Controversial new IR Bills for Federal Parliament


Controversial new IR Bills for Federal Parliament

It aims to ensure a secret ballot overseen by the AIRC comes before workers take protected industrial action, so that action is not substituted for genuine bargaining.


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Awards will be stripped back to only 15 allowable matters, unions will have to follow strict conditions when serving claims on small business employers, and states will lose powers to rule on unfair dismissals in new legislation introduced to Parliament today by Federal Workplace Relations Minister Tony Abbott.

The Workplace Relations Amendment (Termination of Employment) Bill 2002 allows for the Federal Government to cover the field when it comes to harsh, unjust or unreasonable dismissals, excluding the states and territories by using corporations powers available to it under the Constitution (see 360/2002).

Unlawful dismissals on discrimination grounds would still be able to be dealt with by the states.

It establishes a new set of rules for small businesses employing fewer than 20 people, saying the AIRC must have regard to five matters only in determining the harshness, unjustness or unreasonableness of a dismissal:

  • whether there was a valid reason for termination, related to the capacity or conduct of the employee or to the operational requirements of the employer;
  • whether the employee was notified of the reason;
  • whether the employee was given an opportunity to respond to any reason related to their capacity or conduct;
  • the degree to which the size of the employer's undertaking would be likely to impact on the procedures followed in carrying out the termination;
  • the degree to which the absence of dedicated human resource management specialists or expertise in the business would be likely to impact on the procedures followed in carrying out the termination.

Small business employees would also have their qualifying period before making claims doubled to six months, and their compensation halved to three months.

Applications against small businesses could also be dismissed without hearing on the basis that they are frivolous or vexatious, and penalties for lawyers or agents who encourage unmeritorious claims against small business would be refined. 

The Opposition has called for a Budget impact statement, saying the potential doubling of the workload for the AIRC will mean not only the need to appoint new commissioners, but also additional registrars, registry officers, conciliators, and court reporters, who will need more hearing rooms and office space.

Three other bills were introduced today.

Award simplification

In his explanatory memoranda accompanying the Workplace Relations Amendment (Award Simplification) Bill 2002, Abbott said the Government's original intention to make agreements the primary industrial focus, by limiting awards to only 20 allowable matters, had failed, with awards continuing to contain extra provisions.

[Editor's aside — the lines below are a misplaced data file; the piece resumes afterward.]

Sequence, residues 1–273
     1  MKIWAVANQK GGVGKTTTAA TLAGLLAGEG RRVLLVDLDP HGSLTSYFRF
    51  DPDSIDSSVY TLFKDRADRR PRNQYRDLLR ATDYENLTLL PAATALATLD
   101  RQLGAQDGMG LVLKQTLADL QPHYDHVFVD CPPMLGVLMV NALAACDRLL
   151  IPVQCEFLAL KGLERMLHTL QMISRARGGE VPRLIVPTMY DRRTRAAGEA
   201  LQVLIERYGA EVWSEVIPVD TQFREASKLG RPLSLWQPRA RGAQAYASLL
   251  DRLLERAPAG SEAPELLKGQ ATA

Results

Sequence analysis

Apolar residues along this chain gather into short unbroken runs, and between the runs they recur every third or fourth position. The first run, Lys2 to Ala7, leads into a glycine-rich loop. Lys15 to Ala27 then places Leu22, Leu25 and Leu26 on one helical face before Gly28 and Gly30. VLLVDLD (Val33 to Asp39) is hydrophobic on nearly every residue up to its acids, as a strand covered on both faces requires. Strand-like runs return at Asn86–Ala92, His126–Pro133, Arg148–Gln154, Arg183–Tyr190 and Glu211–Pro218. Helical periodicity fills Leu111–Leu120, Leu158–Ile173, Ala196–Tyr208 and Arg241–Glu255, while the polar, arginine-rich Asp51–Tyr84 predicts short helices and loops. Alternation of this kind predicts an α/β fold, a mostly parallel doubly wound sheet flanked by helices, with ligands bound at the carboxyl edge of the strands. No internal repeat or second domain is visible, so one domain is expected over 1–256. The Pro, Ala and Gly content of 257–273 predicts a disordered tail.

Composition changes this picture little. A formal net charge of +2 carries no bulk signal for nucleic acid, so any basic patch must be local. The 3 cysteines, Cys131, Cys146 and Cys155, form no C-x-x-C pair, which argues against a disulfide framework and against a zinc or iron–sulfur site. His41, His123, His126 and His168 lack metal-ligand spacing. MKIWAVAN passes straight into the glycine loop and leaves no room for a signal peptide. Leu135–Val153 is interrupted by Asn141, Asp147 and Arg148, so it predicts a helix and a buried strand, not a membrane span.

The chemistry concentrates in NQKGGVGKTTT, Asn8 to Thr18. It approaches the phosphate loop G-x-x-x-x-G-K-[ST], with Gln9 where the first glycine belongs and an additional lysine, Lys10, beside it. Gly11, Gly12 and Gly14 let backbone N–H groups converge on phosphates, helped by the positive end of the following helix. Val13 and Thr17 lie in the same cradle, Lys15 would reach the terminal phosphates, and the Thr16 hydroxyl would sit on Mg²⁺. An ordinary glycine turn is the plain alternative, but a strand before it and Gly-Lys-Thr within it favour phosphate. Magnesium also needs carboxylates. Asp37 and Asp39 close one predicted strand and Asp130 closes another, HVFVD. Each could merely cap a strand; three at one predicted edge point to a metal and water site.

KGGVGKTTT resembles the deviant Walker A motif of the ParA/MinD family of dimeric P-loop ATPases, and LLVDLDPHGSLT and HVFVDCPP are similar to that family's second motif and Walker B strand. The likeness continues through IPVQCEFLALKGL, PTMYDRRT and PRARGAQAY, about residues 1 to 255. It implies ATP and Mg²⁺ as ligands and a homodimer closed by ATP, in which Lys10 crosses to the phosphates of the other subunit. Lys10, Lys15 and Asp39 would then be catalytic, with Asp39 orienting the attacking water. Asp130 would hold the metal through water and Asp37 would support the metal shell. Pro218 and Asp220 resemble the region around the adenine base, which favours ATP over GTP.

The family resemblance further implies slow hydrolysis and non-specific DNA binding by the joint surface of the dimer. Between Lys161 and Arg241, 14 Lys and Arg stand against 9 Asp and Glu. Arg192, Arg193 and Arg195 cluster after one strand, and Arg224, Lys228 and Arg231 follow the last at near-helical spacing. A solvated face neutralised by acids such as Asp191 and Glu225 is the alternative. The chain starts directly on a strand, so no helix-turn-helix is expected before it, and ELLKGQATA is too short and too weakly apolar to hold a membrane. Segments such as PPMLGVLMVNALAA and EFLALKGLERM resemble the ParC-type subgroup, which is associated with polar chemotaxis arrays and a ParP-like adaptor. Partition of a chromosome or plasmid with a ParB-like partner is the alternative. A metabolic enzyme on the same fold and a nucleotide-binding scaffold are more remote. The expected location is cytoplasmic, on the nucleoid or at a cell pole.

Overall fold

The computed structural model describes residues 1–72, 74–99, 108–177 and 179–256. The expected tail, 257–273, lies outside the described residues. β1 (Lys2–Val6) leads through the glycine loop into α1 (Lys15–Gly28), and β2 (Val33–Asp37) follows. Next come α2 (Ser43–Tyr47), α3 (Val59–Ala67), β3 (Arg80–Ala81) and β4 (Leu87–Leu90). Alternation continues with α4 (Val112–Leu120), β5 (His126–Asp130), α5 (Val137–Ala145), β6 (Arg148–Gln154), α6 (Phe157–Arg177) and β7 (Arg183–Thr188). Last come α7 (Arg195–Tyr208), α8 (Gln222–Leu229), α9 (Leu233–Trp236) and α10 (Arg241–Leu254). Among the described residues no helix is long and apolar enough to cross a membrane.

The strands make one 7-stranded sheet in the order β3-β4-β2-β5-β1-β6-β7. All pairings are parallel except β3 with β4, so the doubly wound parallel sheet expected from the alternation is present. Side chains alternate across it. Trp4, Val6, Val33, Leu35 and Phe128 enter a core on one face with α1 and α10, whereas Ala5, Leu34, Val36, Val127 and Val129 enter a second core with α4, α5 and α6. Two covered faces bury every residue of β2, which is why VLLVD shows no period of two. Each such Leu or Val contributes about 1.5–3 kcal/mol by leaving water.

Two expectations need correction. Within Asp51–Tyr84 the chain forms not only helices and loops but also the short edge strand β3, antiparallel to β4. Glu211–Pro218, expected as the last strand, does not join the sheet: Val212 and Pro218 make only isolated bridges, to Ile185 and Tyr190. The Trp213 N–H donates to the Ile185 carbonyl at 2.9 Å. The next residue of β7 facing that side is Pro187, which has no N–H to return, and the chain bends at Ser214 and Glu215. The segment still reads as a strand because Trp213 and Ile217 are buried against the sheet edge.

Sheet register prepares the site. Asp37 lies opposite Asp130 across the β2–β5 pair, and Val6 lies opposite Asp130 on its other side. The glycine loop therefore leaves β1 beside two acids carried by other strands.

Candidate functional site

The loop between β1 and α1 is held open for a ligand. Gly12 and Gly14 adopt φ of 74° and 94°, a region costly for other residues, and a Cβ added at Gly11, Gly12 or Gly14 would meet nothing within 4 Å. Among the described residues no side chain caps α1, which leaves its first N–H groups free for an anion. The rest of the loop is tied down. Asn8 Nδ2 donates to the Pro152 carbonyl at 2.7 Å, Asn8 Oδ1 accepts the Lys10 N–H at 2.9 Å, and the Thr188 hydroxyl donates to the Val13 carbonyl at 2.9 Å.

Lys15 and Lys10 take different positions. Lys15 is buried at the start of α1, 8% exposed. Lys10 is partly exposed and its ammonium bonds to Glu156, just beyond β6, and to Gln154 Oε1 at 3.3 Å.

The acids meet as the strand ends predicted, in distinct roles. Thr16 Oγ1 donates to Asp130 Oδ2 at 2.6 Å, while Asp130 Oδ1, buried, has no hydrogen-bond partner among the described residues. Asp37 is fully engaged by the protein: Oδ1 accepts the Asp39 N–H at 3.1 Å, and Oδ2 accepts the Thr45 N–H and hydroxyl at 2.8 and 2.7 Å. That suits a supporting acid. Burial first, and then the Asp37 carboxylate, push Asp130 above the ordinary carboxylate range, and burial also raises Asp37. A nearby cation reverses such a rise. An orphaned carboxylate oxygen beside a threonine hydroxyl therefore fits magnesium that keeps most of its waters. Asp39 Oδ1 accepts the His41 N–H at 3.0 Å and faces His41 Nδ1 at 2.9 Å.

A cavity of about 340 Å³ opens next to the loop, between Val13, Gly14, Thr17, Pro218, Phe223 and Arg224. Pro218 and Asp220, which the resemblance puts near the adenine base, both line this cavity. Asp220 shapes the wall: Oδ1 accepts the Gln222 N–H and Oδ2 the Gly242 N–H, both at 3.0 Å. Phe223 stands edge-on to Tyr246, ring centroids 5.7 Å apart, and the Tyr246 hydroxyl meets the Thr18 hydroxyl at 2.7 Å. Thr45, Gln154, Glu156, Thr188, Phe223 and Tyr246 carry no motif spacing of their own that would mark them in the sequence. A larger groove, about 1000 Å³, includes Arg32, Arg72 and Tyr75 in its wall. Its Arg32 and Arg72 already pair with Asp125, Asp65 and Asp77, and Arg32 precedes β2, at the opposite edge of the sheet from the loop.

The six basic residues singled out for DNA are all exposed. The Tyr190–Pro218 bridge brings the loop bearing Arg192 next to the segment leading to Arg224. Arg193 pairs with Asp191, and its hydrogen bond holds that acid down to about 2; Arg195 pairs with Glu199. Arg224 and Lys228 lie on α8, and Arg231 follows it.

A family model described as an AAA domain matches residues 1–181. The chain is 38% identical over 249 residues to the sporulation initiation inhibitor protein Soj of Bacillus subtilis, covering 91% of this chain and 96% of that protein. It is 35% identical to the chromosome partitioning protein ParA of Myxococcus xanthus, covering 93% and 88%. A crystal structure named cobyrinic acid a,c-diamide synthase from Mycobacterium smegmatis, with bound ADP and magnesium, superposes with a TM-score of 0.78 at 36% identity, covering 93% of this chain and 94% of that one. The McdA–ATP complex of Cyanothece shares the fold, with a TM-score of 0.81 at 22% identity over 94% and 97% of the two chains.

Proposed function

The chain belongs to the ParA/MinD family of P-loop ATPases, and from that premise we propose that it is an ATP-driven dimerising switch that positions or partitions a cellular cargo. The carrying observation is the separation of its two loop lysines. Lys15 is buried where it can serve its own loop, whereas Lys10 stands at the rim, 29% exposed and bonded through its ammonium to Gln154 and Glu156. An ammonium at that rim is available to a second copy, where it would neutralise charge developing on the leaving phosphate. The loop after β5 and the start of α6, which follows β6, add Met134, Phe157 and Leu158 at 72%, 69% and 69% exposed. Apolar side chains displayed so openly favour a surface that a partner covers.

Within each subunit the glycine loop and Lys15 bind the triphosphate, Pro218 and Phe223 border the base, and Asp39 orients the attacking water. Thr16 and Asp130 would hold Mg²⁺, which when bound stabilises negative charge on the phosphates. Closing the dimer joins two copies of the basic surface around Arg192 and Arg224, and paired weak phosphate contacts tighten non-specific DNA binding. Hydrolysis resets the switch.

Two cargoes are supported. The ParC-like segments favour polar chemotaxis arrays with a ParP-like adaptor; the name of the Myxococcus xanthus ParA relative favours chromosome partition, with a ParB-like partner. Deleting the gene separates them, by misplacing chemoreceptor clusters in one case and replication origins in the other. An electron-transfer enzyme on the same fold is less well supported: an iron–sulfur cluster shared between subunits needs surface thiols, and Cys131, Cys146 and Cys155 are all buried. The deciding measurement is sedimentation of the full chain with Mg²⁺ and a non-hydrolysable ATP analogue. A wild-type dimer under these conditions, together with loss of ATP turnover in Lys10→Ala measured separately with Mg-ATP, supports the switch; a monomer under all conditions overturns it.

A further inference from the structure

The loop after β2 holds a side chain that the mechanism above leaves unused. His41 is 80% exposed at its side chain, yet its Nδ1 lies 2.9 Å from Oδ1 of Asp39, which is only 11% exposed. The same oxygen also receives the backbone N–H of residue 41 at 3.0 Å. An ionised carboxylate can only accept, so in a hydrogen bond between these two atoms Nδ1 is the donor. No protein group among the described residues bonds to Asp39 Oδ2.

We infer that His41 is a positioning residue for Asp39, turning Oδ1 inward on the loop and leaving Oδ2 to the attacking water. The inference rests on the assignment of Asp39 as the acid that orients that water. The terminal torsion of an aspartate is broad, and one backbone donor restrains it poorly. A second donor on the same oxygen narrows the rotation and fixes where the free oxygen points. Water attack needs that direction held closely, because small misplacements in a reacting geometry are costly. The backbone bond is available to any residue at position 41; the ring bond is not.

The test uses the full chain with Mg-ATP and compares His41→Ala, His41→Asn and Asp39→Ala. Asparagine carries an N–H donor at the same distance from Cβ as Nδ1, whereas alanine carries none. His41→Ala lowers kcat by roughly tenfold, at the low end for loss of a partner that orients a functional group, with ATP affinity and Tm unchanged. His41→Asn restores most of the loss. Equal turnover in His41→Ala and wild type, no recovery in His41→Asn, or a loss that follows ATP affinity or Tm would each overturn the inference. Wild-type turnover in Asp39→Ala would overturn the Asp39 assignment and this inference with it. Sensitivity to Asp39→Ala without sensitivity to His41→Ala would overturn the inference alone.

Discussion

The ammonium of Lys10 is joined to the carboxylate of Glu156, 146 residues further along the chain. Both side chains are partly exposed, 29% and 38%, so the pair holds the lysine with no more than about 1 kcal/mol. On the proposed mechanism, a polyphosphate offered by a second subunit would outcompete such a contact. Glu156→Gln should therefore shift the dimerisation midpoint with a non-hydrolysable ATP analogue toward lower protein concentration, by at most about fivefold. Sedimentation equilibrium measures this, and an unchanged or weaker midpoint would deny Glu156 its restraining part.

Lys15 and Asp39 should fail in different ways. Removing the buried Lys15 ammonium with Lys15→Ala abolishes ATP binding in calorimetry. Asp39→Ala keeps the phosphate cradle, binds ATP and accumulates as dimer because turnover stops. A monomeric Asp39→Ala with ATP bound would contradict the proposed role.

As a result, he now wants to remove five further allowable matters - skill-based career paths, bonuses, long service leave, notice of termination and jury service.

The remaining 15 allowable matters would be 'clarified' in other areas, for example outlawing union picnic days as public holidays; ensuring cultural leave applied only to ceremonial leave for Aborigines and Torres Strait Islanders or other 'similar' obligations; and cutting down the transitional period for the removal of non-allowable matters from 18 months to 12.

Exceptional matters orders could be made only by a full bench of the AIRC.

Choice in Award Coverage

The Workplace Relations Amendment (Choice in Award Coverage) Bill 2002 amends provisions concerning the roping-in of employers to federal awards. The amendments aim to:

  • provide businesses with more information about their rights in roping-in;
  • restrain the ability of unions to rope in small businesses which employ no union members in the federal jurisdiction;
  • and require the AIRC to investigate the views of unrepresented small business employers potentially affected by roping-in claims.

This Bill is a reaction against a claim the Shop, Distributive and Allied Employees union has before the AIRC, which attempts to rope in 19,000 small Victorian retail employers currently covered by Schedule 1A of the Workplace Relations Act - providing lesser wages and conditions - into the federal award (see 220/2002).

Under the Bill, dispute findings could not be made unless the AIRC was satisfied the union had followed certain conditions pertaining to the serving of the log of claims.

Secret Ballots

The Workplace Relations Amendment (Secret Ballots for Protected Action) [No. 2] Bill 2002 - a new bill - is identical to its predecessor, which was rejected in the Senate in September.

It aims to ensure a secret ballot overseen by the AIRC comes before workers take protected industrial action, so that action is not substituted for genuine bargaining.

Employees party to a current Australian Workplace Agreement would not be eligible to vote, or take industrial action.


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